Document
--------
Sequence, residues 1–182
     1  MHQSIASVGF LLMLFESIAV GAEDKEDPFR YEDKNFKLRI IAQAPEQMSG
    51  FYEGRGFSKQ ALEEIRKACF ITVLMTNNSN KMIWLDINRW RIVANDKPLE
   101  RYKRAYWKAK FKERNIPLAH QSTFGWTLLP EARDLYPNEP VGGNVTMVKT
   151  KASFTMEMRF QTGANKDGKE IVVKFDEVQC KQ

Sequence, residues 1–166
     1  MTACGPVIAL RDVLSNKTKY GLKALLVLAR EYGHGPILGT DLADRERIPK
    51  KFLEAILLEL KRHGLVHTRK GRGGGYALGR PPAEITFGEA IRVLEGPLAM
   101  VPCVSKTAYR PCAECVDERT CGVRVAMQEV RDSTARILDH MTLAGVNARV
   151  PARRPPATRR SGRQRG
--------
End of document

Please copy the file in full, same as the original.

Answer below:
Sequence, residues 1–182
     1  MHQSIASVGF LLMLFESIAV GAEDKEDPFR YEDKNFKLRI IAQAPEQMSG
    51  FYEGRGFSKQ ALEEIRKACF ITVLMTNNSN KMIWLDINRW RIVANDKPLE
   101  RYKRAYWKAK FKERNIPLAH QSTFGWTLLP EARDLYPNEP VGGNVTMVKT
   151  KASFTMEMRF QTGANKDGKE IVVKFDEVQC KQ

Sequence, residues 1–166
     1  MTACGPVIAL RDVLSNKTKY GLKALLVLAR EYGHGPILGT DLADRERIPK
    51  KFLEAILLEL KRHGLVHTRK GRGGGYALGR PPAEITFGEA IRVLEGPLAM
   101  VPCVSKTAYR PCAECVDERT CGVRVAMQEV RDSTARILDH MTLAGVNARV
   151  PARRPPATRR SGRQRG